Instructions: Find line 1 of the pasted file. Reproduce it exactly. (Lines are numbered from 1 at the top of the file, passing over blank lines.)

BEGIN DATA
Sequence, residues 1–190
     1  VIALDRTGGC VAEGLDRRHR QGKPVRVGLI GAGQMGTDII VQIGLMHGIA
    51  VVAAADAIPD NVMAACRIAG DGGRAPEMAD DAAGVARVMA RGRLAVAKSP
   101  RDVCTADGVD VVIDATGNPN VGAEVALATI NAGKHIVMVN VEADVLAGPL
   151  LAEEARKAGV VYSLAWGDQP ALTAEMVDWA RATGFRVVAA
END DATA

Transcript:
Sequence, residues 1–190